A biography about this author sent chills down my spine. One tragedy after another in his young life. Yet he overcame fear, pain and heartbreak. He was born into a very wealthy family whom had many servants in his grandfather's home. By the age of eight, however, five of his family members passed away leaving his widowed mother with no means to take care of him.
By the age of 18 (1856) he began writing in both English and Bengali and studied literature extensively, specifically, the works of Channing, Emerson, Parker and Newman. An Englishman named George Thompson who was a well known orator in the British Parliament taught speechmaking to Bhaktivinode. He even wrote two books describing the life of Porus, who met Alexander the Great.
Although most of his writing was for the scholarly class, his compassion and kindness even extended to the uneducated villagers of Bengal. He took his ideas and wrote them to song so that those who were illiterate could still learn through music.
He married and his first wife passed away, he married again with a total of 10 children, most of whom were to become scholars educated by the British. He was a school teacher, later headmaster, eventually a government employee, and finally the most distinguished teacher of spiritual life.
Such an ordinary man could have an extraordinary life. In spite of distractions he always had faith. If a person like this could survive and remain softhearted no matter what happened, then could I? On some level this man became real and alive. His breaths were his words, his voice was the ink on the pages and his body was his books.
Before I left that weekend seminar I stopped to admire an old black and white photograph of Bhaktivinode Thakur. He was a funny looking fellow with flaxen colored bushy eyebrows and dark skin, somewhat on the chubby side. Making sure nobody else was in the room to overhear myself talking to this photograph, I introduced myself to Bhaktivinode. I told him a little about myself, how I came to this seminar and what I learned by coming. I showed him the little pink paperback book. "Look," I said, "this is one of your books and its over here in Port Royal Pennsylvania, United States and the year is 1996"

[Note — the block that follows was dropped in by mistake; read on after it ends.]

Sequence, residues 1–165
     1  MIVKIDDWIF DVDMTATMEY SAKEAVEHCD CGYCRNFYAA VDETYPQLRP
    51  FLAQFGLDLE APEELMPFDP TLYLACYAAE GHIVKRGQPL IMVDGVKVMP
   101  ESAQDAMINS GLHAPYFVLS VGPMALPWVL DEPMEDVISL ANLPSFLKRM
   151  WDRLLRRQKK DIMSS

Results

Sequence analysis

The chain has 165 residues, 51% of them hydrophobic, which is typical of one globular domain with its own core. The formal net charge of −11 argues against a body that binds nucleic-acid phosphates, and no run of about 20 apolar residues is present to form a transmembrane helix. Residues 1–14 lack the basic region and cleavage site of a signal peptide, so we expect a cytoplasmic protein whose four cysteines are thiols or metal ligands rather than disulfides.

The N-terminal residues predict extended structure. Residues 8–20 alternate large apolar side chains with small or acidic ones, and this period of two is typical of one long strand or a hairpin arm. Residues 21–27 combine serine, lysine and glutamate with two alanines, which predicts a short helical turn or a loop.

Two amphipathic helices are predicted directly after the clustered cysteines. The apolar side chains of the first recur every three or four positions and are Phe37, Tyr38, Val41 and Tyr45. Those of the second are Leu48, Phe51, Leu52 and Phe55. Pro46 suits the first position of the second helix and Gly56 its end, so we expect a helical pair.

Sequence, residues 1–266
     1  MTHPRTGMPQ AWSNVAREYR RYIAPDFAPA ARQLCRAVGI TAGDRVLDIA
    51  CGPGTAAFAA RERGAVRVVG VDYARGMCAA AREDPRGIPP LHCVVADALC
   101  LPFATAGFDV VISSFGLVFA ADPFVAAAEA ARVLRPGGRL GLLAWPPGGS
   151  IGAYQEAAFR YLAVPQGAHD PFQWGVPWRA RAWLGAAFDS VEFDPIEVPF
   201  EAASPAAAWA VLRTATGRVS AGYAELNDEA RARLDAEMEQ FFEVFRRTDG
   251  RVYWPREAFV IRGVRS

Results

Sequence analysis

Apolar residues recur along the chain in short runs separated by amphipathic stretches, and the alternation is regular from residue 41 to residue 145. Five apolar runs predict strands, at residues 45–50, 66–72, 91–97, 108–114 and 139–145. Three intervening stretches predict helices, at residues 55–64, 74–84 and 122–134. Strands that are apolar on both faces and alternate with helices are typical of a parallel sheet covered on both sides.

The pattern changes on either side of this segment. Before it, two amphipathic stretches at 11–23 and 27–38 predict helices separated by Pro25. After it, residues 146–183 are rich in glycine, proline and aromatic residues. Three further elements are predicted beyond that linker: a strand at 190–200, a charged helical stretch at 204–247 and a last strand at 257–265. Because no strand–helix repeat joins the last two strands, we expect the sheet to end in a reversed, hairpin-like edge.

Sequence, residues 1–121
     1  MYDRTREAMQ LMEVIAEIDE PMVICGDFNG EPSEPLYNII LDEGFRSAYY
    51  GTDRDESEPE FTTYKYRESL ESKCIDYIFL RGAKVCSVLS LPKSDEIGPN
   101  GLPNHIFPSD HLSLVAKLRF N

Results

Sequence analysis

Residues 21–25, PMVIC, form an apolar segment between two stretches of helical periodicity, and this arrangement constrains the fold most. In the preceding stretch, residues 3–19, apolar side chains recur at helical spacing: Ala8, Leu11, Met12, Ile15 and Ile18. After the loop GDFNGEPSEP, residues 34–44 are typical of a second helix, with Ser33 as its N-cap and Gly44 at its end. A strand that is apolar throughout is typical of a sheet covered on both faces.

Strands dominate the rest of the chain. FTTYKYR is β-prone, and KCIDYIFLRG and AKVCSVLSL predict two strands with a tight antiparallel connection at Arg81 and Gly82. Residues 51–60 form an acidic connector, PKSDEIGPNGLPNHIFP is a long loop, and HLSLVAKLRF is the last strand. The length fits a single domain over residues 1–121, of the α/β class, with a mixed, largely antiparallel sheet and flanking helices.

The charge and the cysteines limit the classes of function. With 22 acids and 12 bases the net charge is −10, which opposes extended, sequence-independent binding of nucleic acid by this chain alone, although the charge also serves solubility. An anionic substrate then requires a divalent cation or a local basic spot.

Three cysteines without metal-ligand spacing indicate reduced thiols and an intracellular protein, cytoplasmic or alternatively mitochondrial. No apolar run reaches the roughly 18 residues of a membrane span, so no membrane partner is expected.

I walked away from that seminar with a Hero and an adopted great great grandfather. Since that weekend I have always gravitated towards his teachings and those of his youngest son, Bhaktisiddhanta Saraswati Thakur, who also became a well known scholar, writer and teacher like his father.
That little pink paperback book was entitled, Sri Chaitanya Mahaprabhu, His Life and Precepts. An original copy did make it to the New World, as in the 1960's it was rediscovered at the McGill Library in Montreal, Canada
I do not own that original book any longer. While in North Carolina during an activity at Duke University I met a young lady who was very interested in spiritual life, and a philosophy major. I gave her my copy of the pink paperback knowing that it would be placed in good hands, feeling very honored that I was able to give Bhaktivinode Thakur to an Ivy League student and further this knowledge. Bhaktivinode was thinking 100 years ago about Oxford University in England- his books are there. Now at least one of his books is with a student at Duke.
Abaya Charan, The Video Epic Part 1. Veda Foundation. Anaheim, California
Dasa, Rupa-vilasa. The Seventh Goswami 1989 Sri Sri Sitaram Seva Trust. Juhu, Mumbai India
Srila Sac-cid Ananda Bhaktivinoda Thakura Prabhupada 5/02/06